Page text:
Drones, UAVs
Illustrative image. Image Credit: Shutterstock

WASHINGTON: The United States on Tuesday imposed sanctions on four entities and three people in Iran and Turkey, accusing them of involvement in the procurement of equipment, including European-origin engines of drones, in support of Iran’s drone and weapons programs.

The US Treasury Department said in a statement the procurement network operates on behalf of Iran’s Ministry of Defence and Armed Forces Logistics.

It marks the latest move by Washington targeting Iran’s unmanned aerial vehicle (UAV) industry. The US earlier this month imposed sanctions on a China-based network over accusations it has shipped aerospace parts to an Iranian company involved in the production of drones that Tehran has used to attack oil tankers and exported to Russia.

“Iran’s well-documented proliferation of UAVs and conventional weapons to its proxies continues to undermine both regional security and global stability” Treasury’s Under Secretary for Terrorism and Financial Intelligence, Brian Nelson, said in the statement.

“The United States will continue to expose foreign procurement networks in any jurisdiction that supports Iran’s military industrial complex.”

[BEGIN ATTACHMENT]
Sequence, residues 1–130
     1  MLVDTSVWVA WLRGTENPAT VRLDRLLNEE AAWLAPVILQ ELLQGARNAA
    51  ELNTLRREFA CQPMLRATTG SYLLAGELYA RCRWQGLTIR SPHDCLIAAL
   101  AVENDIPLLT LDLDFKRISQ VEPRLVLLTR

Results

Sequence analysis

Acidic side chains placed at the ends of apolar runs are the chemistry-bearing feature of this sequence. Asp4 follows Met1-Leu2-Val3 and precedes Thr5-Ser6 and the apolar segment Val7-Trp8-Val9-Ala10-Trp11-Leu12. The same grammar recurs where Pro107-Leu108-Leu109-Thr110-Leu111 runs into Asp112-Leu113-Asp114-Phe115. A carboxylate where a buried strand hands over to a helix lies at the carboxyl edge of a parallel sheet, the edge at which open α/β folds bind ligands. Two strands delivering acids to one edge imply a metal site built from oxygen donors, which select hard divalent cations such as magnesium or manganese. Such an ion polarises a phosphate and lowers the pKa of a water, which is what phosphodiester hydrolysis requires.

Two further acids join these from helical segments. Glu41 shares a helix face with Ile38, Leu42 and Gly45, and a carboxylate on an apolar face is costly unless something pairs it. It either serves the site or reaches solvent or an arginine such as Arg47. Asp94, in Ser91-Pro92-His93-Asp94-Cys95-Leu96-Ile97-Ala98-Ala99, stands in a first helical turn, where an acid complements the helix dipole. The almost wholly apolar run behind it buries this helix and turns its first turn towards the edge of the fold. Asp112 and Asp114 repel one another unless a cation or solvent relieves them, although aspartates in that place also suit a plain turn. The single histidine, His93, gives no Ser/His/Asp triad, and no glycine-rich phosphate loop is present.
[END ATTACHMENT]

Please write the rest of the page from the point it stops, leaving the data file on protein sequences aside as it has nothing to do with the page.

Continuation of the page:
Among those designated was Iran-based Defence Technology and Science Research Center (DTSRC), Amanallah Paidar, who Treasury said has served as a commercial manager and procurement agent for DTSRC, and Farazan Industrial Engineering, Inc., established by Paidar.

Turkish citizen Murat Bukey was also designated. The Treasury accused him of facilitating the procurement of a variety of goods with defense applications, including chemical and biological detection devices, for Paidar.

The Treasury said Bukey also “attempted to provide European-origin engines with UAV and surface-to-air missile applications to Paidar and Farazan and, separately, sold more than 100 European-origin UAV engines and related accessories worth more than $1 million to companies that likely transshipped the items to Iran.”

Spain’s high court in April last year agreed to extradite Bukey to the United States. He was arrested in the Barcelona airport in September at the request of U.S. prosecutors, who suspect him of importing from the US and selling in Iran fuel cells that can be used in powering ballistic missiles and biodetection in 2012 and 2013, the court said.